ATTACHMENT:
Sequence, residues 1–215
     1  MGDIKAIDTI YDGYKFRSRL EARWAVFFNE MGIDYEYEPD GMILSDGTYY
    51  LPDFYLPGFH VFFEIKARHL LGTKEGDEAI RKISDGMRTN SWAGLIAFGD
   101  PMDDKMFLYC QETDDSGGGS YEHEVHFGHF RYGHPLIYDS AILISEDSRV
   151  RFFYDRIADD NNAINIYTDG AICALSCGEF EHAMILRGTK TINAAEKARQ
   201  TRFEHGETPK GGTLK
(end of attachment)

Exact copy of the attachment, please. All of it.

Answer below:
Sequence, residues 1–215
     1  MGDIKAIDTI YDGYKFRSRL EARWAVFFNE MGIDYEYEPD GMILSDGTYY
    51  LPDFYLPGFH VFFEIKARHL LGTKEGDEAI RKISDGMRTN SWAGLIAFGD
   101  PMDDKMFLYC QETDDSGGGS YEHEVHFGHF RYGHPLIYDS AILISEDSRV
   151  RFFYDRIADD NNAINIYTDG AICALSCGEF EHAMILRGTK TINAAEKARQ
   201  TRFEHGETPK GGTLK